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Predict Clinical Outcome Through Quantitative Imaging Features Via Neural Network Models

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X Pan*, X Qi , UCLA School of Medicine, Los Angeles, CA


SU-H4-GePD-J(B)-4 (Sunday, July 30, 2017) 4:30 PM - 5:00 PM Room: Joint Imaging-Therapy ePoster Lounge - B

Purpose: To apply neural networks to analyse quantitative imaging features to identify potential prognostic imaging features that are most relevant with treatment outcome.

Methods: A group of 59 head-and-neck patients with primary cancers in base-of-tongue area and their corresponding survival interval were collected and analysed in a single institution. Large number of quantitative image features of each patient was extracted based on a planning CT images, resulting in high-dimensional data. 80% patients were used to train the models, and remaining 20% were used for evaluation purposes. Principal component analysis was used to remove redundant imaging features before the imaging features fed into neural network. Two neural network models, including Evolutionary optimization neural network (EONN) and convolutional neural network (CNN), were developed to explore the association between the large number of radiomic features and RT clinical outcome. The EONN, adapted from back propagation neural network, was constructed based on the optimized initial weights. The initial weights were first optimized by evolutionary algorithm and then fed into EONN training model. The population was encoded in real number, the error between prediction and expected data is used as the fitness function.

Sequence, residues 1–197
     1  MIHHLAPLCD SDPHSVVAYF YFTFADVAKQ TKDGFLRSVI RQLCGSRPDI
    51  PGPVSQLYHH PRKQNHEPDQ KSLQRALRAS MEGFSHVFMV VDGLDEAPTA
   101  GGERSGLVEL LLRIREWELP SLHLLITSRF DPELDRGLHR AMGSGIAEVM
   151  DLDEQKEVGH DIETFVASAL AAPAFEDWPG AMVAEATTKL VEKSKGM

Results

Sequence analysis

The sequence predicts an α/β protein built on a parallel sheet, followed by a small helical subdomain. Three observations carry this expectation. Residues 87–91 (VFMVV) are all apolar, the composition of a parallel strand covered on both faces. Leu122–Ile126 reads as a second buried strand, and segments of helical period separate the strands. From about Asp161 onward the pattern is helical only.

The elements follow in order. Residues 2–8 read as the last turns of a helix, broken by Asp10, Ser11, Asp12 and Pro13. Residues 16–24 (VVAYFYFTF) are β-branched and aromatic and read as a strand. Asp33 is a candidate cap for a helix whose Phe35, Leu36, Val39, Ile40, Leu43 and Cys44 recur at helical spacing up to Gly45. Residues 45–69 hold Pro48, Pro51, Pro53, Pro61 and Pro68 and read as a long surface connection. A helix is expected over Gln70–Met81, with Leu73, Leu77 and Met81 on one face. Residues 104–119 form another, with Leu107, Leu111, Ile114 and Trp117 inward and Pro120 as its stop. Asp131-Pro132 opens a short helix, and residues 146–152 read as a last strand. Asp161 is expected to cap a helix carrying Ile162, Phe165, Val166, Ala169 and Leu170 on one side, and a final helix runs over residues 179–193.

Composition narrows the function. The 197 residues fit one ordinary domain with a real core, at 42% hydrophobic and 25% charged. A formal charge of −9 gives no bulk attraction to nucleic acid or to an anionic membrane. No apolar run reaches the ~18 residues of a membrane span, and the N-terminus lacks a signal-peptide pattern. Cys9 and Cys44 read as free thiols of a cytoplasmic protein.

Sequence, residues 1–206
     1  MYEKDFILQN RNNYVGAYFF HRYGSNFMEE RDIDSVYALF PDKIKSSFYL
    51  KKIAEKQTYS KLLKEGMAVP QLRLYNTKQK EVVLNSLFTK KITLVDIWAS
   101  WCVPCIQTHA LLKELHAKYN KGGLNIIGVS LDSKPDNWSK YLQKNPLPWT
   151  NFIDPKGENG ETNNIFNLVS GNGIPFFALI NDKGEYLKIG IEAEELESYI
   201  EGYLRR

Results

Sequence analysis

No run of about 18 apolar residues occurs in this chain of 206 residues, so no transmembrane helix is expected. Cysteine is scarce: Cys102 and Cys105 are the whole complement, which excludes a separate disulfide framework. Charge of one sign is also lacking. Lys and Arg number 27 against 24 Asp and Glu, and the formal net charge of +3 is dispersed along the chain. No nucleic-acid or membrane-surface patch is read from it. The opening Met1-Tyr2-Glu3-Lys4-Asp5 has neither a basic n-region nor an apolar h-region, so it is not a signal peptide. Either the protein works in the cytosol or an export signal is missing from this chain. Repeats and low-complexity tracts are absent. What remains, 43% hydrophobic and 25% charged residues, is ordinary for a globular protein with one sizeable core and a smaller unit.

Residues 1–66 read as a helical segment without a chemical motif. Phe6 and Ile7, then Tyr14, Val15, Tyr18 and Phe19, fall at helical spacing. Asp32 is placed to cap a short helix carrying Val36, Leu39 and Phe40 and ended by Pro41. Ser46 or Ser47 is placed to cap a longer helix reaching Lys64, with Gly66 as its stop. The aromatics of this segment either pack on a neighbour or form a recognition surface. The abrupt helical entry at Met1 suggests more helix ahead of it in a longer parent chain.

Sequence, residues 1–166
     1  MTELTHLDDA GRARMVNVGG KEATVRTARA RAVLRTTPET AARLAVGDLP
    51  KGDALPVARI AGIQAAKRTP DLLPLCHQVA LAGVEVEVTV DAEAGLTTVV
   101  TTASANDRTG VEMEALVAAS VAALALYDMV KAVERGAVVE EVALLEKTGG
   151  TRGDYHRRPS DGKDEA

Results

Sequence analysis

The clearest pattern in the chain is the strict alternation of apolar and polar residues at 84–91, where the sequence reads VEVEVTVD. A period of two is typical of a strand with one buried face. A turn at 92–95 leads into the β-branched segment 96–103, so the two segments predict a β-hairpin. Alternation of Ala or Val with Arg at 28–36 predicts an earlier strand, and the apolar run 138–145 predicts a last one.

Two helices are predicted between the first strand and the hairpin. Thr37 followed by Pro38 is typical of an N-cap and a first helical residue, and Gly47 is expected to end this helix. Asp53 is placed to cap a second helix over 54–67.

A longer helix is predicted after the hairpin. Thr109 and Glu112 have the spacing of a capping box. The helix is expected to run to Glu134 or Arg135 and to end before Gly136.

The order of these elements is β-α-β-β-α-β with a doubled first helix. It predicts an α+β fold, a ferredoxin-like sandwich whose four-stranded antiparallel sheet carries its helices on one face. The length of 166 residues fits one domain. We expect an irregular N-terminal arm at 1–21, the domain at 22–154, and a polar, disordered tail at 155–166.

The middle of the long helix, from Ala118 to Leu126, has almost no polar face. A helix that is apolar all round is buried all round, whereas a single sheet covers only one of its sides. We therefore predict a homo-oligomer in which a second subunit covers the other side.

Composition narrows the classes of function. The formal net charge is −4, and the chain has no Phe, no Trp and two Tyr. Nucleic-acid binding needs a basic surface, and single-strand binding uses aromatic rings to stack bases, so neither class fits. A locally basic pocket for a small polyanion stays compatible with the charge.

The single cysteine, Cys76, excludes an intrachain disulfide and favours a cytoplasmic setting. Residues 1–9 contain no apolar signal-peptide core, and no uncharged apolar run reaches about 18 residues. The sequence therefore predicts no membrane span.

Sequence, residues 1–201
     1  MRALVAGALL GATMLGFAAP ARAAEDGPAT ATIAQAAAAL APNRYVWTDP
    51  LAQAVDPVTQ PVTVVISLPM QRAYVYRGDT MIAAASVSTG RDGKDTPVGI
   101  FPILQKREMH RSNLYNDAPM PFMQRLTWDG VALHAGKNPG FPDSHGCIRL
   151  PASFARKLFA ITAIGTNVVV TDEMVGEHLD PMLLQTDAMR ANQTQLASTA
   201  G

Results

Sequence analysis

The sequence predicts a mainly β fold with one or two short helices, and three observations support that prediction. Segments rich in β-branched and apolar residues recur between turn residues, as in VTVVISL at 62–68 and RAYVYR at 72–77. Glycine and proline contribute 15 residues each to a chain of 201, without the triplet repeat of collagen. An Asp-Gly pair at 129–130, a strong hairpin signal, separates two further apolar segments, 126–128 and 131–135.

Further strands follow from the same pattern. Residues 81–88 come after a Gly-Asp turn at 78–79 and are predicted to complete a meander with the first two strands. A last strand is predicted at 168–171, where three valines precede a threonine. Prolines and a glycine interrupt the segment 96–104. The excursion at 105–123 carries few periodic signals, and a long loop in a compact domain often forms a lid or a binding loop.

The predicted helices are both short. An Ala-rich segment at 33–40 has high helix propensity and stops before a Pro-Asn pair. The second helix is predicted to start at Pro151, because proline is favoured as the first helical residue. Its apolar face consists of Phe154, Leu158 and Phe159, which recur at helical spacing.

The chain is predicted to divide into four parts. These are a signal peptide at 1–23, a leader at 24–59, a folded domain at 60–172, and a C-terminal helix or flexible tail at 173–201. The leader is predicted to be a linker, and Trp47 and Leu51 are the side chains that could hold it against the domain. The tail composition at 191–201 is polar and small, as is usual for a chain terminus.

Results: Better agreement was observed in EONN compared to the CNN model. The EONN model, based on 5 independent training experiments, yielded an averaged predicted survival interval (and standard deviation) of 30.3±0.2 months; the averaged predicted survival interval was 23.5±1.5 months in CNN model, compared to the reported value of 31.8 months for the test cohort.

Conclusion: We demonstrated the usage of the neural network models in RT outcome assessment. The EONN resulted in decent prediction of patient survival for high dimensional features in small sample in the question. The CNN, usually requires more connection between neurons, achieved an inferior training result given a relatively small data sample involving high dimensional features.

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